His critique of prevailing social values is treated by Mozart with
lacerating humour. No surprise that Beaumarchais’s original play La Folle JournÈe ou Le marriage de Figaro was
banned by King Louis XVI in 1784, or that Nicholas Till in his Festival
programme article ‘The Quintessential Revolutionary Artist’ suggests
Napoleon Bonaparte considered the play to have been “the first step towards
the French Revolution”.
Mozart and Beaumarchais are uproariously subversive, yet this new
production from Martin Lloyd-Evans manages to amplify both social power
struggles and adulterous intrigues with great wit (not least in its
Shakespearean cross-dressing and lecherous scheming) and pointedly
highlight issues lurking beneath a seemingly respectable surface. There’s
an undeniable sense of unease looming over this comic farce, less
associated with the abuse of privilege – the Count’s claim to feudal rights
over newlyweds is bad enough – more the dark underbelly of domestic strife
exemplified by suggestions of alcohol addiction, self-harm and
wife-beating. It’s not exactly black comedy but shades of charcoal
repeatedly make a lightning strike just as you’ve been laughing at
Cherubino hiding in a closet or Antonio believing he/she has suddenly grown
taller as Figaro claims to have leapt from a bedroom window.
Despite the elegant period costumes and conventional designs mostly of
flats and screens (respectively Kate Lyon and Tim Reed), contemporary
resonances abound, aided and abetted by some well-defined performances of
which some are outstanding. Chief amongst these is Toby Girling’s brutish
Count Almaviva whose pugnacious, Putin-like features add much to his
power-obsessed portrayal which detonates with explosive force in his Act 3
rage aria – a defining moment where his lust for vengeance is truly
psychotic. Allied to a strong stage presence is a robust, well-projected
baritone, flexible enough to furnish menace and warmth but his insidious
bullying leaves you in little doubt of a disturbing nature.
Simona Mihai (Countess Almaviva) and Roberto Lorenzi (Figaro). Photo credit: Clive Barda.
The Count’s adversary, Figaro, sung by Roberto Lorenzi is no less
convincing vocally (with an emphatically delivered ‘Se vuol ballare’) yet a
little old-fashioned in expression and gesture. His performance underlines
the ease with which Ellie Laugharne creates a vibrant Susanna, impressing
as a feisty no-nonsense wife-to-be in the opening duet, and thereafter
determined to thwart the Count’s libidinous schemes, while also making sure
her beloved toes the line. It’s a full flesh-on-the-bones characterisation
that contrasts sharply with Simona Mihai as the neglected and emotionally
crushed Countess. (Full marks for the sense of resignation achieved here
but are we to believe an 18th-century Countess would not turn a
blind eye to a husband’s philandering?) Her ‘Dove sono’ was beautifully
sung but I was unmoved.
Of the smaller roles Rowan Pierce is an enchanting Barbarina who commands
the stage with her winning glances and in just a handful of lines sings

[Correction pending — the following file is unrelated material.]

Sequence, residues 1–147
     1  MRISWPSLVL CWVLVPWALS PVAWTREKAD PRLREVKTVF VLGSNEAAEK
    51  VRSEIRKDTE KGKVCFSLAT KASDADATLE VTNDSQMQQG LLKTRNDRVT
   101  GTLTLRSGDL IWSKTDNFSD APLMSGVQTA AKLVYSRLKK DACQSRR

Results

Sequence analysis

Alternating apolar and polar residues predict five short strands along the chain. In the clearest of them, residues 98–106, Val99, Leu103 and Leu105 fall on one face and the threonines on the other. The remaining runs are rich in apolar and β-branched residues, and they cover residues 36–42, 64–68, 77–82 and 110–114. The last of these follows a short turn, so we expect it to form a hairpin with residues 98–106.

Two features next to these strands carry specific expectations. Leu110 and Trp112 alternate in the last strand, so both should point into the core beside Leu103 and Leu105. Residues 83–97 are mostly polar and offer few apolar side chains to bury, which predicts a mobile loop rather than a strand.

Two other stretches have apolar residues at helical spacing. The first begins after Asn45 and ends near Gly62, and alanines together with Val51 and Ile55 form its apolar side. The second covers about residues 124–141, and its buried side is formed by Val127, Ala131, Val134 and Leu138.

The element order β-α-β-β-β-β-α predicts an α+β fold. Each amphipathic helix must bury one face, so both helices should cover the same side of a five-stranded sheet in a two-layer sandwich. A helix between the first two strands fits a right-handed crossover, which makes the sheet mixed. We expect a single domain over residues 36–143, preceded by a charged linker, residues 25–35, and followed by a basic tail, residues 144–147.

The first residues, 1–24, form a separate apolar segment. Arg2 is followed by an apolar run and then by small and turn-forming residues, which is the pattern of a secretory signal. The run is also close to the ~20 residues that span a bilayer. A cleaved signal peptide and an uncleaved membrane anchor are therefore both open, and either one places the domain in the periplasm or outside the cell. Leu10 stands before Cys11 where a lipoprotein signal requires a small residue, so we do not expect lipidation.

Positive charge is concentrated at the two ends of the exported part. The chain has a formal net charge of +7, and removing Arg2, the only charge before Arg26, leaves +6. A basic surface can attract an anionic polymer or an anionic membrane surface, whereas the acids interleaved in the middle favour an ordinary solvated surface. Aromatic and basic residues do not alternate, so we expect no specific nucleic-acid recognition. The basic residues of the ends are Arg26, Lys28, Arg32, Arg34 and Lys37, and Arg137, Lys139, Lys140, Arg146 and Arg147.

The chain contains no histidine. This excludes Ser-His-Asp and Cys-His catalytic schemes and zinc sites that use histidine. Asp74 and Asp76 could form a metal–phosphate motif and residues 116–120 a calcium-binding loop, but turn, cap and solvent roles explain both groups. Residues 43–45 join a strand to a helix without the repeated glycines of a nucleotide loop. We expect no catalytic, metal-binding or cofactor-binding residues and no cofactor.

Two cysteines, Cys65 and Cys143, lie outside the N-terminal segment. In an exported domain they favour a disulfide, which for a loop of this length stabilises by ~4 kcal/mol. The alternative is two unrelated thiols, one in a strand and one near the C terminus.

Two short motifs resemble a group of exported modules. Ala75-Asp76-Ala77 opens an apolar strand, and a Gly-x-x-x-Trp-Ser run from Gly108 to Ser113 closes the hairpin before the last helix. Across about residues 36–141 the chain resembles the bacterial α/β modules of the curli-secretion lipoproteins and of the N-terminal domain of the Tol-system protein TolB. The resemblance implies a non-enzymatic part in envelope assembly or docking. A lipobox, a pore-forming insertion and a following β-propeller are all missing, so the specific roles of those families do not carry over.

with effortless assurance to deliver a memorable cameo. Wallis Giunta as
the handsome gender bending Cherubino also holds the ear and eye and
superbly imitates a hip-swinging gait when dressed as a woman while
supposedly being a boy – it’s all brilliant buffoonery. Her two arias are
nicely turned out too, with lots of adolescent frustration in ‘Non so pi˘’
and ardour in ‘Voi che sapete’ both crowned with rapt tone.
Roberto Lorenzi (Figaro) and Rowan Pierce (Barbarina). Photo credit: Clive Barda.
There are some distinguished moments too from Louise Winter as the
manipulative then motherly Marcellina who comes into her own with her Act 4
aria. Just as compelling are Jonathan Best’s sturdy Dr Bartolo and Ben
Johnson’s dapper Don Basilio who has much more than music-making on his
mind every time he sees Cherubino. What a joy, too, to have that dramatic
stalwart Richard Suart as the elderly but beady-eyed Antonio – a gardener
very much the equal of his superiors.
Below stairs (as it were) the Academy of Ancient Music rose fitfully to the
occasion. Notwithstanding an indifferent Overture, the orchestral playing
under the helm of Richard Egarr steadily improved and eventually blossomed
with some Mozartian magic in the Act 3 wedding festivities. But it was
above stage which drew the most consistent and classy music-making.
Mozart: Le nozze di Figaro
Count Almaviva – Toby Girling, Countess Almaviva – Simona Mihai, Susanna –
Ellie Laugharne, Figaro – Roberto Lorenzi, Cherubino – Wallis Giunta,
Marcellina – Louise Winter, Doctor Bartolo – Jonathan Best, Don Basilio –
Ben Johnson, Barbarina – Rowan Pierce, Antonio – Richard Suart, Don Curzio
– Kamil Bien; Director – Martin Lloyd-Evans, Conductor – Richard Egarr,
Designer – Tim Reed, Costumes – Kate Lyons, Lighting Designer – Peter
Mumford, Grange Festival Chorus, The Academy of Ancient Music.
The Grange Festival, Hampshire; Thursday 6th June 2019.
product_title=Le nozze di Figaro: The Grange Festival, Hampshire
product_by=A review by David Truslove
product_id=Above: Toby Girling (Count Almaviva), Wallis Giunta (Cherubino) and Ellie Laugharne (Susanna)
Photo credit: Clive Barda